Ethical Universalism

The concept states that ethical principles, rights, and virtues must be for everyone at the same level, inconsiderate of differences in race, color, gender, sex, age, etc. (Gewirth, 1988). Therefore, like other citizens or organs of the government, judges must follow the ethical principles to ensure that their acts are moral and acceptable.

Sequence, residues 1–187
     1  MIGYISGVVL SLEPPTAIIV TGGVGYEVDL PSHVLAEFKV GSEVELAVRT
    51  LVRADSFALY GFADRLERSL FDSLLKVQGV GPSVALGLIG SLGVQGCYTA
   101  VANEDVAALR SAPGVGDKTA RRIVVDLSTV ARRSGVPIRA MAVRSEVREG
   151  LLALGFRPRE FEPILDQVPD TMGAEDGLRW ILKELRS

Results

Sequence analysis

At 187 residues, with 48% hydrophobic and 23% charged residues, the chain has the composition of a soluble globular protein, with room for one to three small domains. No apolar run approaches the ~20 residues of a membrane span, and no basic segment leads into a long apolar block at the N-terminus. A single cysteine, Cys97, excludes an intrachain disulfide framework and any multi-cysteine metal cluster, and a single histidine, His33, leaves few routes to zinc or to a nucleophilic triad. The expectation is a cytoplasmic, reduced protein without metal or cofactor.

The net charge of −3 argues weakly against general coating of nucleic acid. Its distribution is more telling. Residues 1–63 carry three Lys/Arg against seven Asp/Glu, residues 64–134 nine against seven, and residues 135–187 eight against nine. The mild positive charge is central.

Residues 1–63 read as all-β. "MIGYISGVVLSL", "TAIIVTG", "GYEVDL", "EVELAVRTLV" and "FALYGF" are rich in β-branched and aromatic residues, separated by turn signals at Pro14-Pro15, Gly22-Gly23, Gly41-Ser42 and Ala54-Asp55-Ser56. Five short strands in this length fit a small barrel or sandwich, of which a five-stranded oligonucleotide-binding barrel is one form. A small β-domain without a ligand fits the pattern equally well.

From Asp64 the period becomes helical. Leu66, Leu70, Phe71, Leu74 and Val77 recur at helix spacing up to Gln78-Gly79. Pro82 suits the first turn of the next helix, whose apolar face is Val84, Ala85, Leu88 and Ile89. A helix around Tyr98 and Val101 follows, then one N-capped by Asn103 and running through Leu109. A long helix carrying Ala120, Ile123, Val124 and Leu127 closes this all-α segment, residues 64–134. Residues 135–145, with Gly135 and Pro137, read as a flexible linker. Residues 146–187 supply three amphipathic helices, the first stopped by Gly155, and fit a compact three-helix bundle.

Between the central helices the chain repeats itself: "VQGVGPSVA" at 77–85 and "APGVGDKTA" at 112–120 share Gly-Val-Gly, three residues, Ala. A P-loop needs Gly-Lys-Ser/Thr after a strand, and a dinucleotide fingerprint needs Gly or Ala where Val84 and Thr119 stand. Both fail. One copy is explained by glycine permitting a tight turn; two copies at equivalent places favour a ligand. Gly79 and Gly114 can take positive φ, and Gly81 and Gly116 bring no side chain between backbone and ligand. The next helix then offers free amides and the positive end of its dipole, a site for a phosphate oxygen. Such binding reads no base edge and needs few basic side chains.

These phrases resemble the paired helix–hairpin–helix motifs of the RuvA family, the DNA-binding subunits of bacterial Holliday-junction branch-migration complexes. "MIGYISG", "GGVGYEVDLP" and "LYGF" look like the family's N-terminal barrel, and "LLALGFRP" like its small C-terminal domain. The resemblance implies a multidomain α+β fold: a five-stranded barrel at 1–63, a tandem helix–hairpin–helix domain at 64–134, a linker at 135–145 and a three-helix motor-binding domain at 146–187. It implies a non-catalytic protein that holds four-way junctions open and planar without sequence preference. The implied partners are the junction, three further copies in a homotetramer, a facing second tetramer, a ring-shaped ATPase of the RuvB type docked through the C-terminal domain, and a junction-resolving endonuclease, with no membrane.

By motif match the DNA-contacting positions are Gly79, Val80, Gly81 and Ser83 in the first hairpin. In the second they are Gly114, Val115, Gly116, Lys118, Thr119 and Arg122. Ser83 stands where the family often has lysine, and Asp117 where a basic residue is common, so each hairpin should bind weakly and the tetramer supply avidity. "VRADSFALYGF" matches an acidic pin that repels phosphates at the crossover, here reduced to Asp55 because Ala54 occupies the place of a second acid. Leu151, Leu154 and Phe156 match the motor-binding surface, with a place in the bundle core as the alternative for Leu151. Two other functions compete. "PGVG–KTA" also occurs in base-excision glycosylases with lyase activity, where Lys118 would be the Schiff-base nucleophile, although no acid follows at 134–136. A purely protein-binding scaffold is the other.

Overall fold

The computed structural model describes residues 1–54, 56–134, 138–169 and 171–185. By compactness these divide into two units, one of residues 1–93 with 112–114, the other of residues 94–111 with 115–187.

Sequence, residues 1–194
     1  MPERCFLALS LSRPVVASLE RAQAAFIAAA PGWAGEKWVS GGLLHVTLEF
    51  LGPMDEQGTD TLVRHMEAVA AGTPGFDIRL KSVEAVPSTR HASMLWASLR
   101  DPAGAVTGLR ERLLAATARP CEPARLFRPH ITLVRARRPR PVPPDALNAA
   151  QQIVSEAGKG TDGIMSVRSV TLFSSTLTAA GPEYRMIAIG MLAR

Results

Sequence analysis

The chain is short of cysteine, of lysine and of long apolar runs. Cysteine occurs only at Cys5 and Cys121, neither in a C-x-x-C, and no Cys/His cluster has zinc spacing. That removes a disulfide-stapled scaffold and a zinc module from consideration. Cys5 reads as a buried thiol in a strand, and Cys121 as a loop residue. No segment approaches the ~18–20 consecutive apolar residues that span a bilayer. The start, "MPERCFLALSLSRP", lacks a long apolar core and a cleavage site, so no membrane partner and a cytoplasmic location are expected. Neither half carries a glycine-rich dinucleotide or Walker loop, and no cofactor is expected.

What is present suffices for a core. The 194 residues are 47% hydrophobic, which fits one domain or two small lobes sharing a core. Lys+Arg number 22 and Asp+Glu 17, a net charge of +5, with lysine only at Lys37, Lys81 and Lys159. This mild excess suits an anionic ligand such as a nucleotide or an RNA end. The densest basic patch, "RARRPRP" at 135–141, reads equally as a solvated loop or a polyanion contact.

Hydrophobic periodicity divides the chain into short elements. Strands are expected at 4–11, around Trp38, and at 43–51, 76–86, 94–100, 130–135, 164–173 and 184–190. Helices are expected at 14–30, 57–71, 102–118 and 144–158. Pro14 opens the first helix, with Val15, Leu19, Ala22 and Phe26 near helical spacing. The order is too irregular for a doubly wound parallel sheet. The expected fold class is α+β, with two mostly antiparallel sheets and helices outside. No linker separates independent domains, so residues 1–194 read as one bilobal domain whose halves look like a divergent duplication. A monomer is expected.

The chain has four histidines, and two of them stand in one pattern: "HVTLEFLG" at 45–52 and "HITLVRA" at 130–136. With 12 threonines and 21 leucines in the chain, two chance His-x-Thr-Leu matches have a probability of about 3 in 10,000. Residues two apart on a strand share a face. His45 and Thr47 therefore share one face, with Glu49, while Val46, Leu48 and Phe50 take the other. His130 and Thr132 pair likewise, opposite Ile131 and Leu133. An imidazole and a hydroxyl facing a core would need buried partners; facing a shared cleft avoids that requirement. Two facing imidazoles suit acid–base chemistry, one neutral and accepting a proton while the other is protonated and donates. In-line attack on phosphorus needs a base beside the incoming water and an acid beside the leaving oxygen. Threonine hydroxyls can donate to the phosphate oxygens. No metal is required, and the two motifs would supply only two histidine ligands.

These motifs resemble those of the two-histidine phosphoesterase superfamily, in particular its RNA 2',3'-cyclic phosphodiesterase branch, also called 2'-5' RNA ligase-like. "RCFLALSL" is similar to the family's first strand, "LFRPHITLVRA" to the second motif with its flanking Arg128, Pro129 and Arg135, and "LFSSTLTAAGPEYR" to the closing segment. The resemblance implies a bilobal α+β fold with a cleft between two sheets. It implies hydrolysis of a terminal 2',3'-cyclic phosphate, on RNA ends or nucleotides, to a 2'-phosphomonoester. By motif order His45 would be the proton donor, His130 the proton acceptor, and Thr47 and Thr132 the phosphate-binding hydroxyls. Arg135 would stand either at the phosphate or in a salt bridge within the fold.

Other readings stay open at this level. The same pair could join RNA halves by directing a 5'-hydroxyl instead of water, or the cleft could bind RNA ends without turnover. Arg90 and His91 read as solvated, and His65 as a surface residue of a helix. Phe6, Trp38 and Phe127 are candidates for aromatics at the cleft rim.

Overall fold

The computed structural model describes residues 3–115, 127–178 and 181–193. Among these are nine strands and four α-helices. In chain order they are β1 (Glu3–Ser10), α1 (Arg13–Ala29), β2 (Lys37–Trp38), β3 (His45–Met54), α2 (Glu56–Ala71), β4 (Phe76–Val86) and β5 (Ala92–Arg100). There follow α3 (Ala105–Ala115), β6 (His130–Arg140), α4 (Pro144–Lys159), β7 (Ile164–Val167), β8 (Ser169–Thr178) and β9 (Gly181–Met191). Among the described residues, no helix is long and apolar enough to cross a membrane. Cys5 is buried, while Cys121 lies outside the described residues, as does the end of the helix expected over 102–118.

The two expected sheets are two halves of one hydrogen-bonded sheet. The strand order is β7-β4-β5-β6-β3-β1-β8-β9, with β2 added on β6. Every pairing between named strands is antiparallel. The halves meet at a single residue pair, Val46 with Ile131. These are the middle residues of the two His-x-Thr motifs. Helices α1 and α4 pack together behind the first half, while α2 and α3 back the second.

First, judges must not engage in public endorsing because every citizen or politician is liable to fairness. Engaging in politics might tamper with public confidence. Secondly. Judges should direct activities as they are the leaders of the judicial systems. Hebrews 13:17 instructs subjects that "obey your leaders and submit to them, for they keep watch over your souls." It is thus universally accepted for leaders to direct activities over their subjects. Thirdly, the judge might shut down a court, only if the decision follows the existing international laws governing the process. Fourthly, The Global Judicial Integrity Network states that no judge should be bribed to influence the outcome of the court rulings (Paust & Bassiouni, 2000). Therefore, ethical universalism does not allow judges to take kickbacks. Also, the International Crimes Act by the International Criminal Court highlights that judges can ban lawyers on particular occasions when a lawyer does not meet the criterion of making a presentation (Paust & Bassiouni, 2000). Finally, the same ICA from the ICC databases of codes of conduct, allows judges to make suggestions as long as they do not intend to tamper with the overall morality or the outcome (Paust & Bassiouni, 2000).